The future’s filmmakers
The Dubai International Film Festival (DIFF) just hosted a trade fair inviting students to meet institutes in the region that offer courses on filmmaking. We spoke to some of the students and faculty.
December 17, 2008 4:59 by Aarti Nagraj
19-year-old Vicky wants to make thrillers and drama movies in Hollywood when he grows up. He also plans on having a production house in Dubai. “Let’s see what happens,” says the aspiring filmmaker.
Vicky represents Dubai’s next generation of filmmakers. He and his friends hope that they will make it big in the future. “The film industry does have a market here, but it is going to take a while for it to begin because there are a lot of changes and stuff happening here in Dubai. I think we are like the pioneers to start of at this age and at this time,” he says.
Authorities from the filmmaking institutes in the region agree. “The support of DIFF and a number of smaller regional film festivals, and certainly with the growth of Dubai Studio City and others like that, its inevitable that it will be a very successful medium in this part of the world,” says Anthony Frantzis, the head of marketing and strategic alliances of SAE institute.
He says that the institute’s film faculty is currently full, and that they stopped advertising a year ago because of the growing number of students interested in the industry.
Simon Hunter, the president of the New York Film Academy in Abu Dhabi says that they have been marketing vigorously in the country. Once people hear about them, then there is a lot of interest from students across the region.
One such student is Suzan Iravanian. The short story writer came to the academy from Iran, and says she is planning to make her stories come to life. So does she think Dubai or Abu Dhabi will give her the support she needs?
“I think the problem here is that they don’t have good ideas, but they have the money.,” she says. “So, you can do anything and they will accept you. There are lots of good opportunities here. But I don’t know maybe they love to give their own native talents a better chance.”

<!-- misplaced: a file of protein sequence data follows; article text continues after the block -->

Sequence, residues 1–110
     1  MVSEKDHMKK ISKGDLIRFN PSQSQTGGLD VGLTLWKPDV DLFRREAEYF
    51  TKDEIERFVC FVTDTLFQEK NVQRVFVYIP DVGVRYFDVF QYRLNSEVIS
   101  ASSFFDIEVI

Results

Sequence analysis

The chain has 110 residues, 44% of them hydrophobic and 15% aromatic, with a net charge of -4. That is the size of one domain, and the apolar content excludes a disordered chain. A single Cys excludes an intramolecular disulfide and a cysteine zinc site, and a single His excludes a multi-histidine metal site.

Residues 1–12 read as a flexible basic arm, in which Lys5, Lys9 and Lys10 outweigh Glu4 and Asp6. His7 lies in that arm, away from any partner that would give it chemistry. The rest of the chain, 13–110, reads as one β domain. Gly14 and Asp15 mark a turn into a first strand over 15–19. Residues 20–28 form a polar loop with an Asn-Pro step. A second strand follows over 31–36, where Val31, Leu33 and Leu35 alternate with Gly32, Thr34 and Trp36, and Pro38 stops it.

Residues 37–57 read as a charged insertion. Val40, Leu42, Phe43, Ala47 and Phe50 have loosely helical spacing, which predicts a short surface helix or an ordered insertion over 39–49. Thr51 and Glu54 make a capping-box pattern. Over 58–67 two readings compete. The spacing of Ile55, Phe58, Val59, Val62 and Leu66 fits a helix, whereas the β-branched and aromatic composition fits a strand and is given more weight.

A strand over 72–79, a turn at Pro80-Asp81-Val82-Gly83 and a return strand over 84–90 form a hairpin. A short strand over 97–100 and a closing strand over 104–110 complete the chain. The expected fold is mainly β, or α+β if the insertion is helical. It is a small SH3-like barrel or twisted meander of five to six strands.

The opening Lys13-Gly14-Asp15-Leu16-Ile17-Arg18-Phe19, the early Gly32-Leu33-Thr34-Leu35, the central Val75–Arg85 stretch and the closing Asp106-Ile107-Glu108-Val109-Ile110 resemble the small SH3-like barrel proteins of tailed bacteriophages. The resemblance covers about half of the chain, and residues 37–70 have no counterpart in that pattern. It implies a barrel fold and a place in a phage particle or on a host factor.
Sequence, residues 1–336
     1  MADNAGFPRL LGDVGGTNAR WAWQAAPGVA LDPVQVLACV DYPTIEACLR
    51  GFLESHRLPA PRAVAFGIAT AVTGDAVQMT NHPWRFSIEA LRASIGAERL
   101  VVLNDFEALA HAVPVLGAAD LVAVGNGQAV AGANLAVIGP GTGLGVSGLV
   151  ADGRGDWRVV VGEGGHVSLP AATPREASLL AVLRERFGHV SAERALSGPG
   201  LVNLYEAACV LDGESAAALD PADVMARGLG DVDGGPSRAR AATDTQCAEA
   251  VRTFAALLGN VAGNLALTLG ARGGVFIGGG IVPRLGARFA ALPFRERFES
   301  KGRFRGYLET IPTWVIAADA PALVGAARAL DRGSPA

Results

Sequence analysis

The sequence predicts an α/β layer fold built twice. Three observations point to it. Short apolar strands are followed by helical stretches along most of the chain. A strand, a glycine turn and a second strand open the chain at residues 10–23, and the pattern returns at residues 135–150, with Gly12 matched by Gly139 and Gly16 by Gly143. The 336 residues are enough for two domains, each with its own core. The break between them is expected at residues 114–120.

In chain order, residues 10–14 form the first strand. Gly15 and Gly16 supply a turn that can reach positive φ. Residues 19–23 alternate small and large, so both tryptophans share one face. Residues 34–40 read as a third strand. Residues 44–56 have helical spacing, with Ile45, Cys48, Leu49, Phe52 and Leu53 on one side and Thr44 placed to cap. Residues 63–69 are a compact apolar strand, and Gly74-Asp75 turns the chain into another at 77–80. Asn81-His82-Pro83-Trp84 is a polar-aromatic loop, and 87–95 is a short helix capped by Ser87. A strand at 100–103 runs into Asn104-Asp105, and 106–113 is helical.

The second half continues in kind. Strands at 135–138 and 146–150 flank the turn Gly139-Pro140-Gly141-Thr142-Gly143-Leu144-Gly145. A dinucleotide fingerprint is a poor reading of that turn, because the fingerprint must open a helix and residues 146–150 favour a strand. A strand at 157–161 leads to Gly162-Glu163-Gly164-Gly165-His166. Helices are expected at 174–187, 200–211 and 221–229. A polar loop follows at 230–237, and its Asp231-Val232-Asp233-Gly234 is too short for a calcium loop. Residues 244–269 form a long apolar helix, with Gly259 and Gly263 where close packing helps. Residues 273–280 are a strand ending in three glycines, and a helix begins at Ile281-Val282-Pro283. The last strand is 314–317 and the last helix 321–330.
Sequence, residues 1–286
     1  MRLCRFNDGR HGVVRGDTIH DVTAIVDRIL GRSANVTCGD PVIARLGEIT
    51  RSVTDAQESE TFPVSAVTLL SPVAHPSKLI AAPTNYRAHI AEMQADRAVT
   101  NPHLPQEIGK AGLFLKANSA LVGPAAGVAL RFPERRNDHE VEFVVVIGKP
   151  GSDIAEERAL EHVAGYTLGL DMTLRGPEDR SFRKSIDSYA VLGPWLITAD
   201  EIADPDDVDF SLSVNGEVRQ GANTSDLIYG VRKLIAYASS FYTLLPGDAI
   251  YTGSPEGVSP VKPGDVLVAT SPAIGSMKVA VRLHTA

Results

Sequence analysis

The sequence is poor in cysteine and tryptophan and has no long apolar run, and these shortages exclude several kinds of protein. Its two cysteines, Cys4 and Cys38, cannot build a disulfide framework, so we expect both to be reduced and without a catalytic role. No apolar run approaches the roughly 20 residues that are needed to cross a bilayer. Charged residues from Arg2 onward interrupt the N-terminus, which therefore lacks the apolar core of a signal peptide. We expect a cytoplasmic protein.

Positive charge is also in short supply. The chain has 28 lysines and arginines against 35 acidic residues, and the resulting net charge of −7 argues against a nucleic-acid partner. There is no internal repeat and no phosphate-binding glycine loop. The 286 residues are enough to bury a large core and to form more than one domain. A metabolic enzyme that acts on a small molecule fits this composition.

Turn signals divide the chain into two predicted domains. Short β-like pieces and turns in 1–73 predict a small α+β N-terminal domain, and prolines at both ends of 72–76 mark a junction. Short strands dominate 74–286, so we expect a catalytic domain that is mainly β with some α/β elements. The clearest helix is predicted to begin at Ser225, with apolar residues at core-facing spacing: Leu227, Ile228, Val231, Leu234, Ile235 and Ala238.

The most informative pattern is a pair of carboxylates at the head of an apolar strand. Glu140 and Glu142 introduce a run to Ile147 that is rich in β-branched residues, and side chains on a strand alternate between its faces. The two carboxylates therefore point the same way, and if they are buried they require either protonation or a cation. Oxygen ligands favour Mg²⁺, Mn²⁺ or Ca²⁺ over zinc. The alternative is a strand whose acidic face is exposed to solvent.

But films by the Gulf nationals are few. So will the film industry be able to persuade youngsters to make Dubai and Abu Dhabi as their base?
“I think it’s the early days of the industry, and you are going to need a couple of frontiersmen,” says Hunter. “People who do it for the first time inspire others to do it as well […] There is certainly an enormous amount of support in the Middle East for filmmaking. And its not just budgets, there is also a lot of infrastructure that is being built here. And so I think it will become over the next few years more and more apparent that this is the place to shoot.”
With bases like Dubai Studio City and Twofour54 coming up in UAE, there is a lot of scope for growth. But with the country’s strong censorship policies, is creativity taking a hit?
“I think certainly think that students here are more mindful of the cultural and other sensitivities, perhaps more so in than many other places in the world,” says Frantzis. “But it doesn’t curb creativity.”
Hunter also agrees. “I think it can be seen as a hindrance, or it can be seen as this is our culture, lets celebrate it,” he says.
Vicky feels differently. “There are quite a lot of restrictions here,” he says. “So there’s a lot of stuff that you can’t show in films and you can’t even make movies relating to your country like India or America can, because it may be bad and you may get caught here.”
“You know sometimes censorship really can help the filmmakers to make their movies. People will like it more,” says Iravanian. “Like in my country (Iran), you can’t show sex relations. So, you will find another way to show it. These ways will attract people. You are forced to search for other ways to portray the same thing.”
So will Dubai become the next Hollywood in ten years time? “Make it 15,” says Vicky.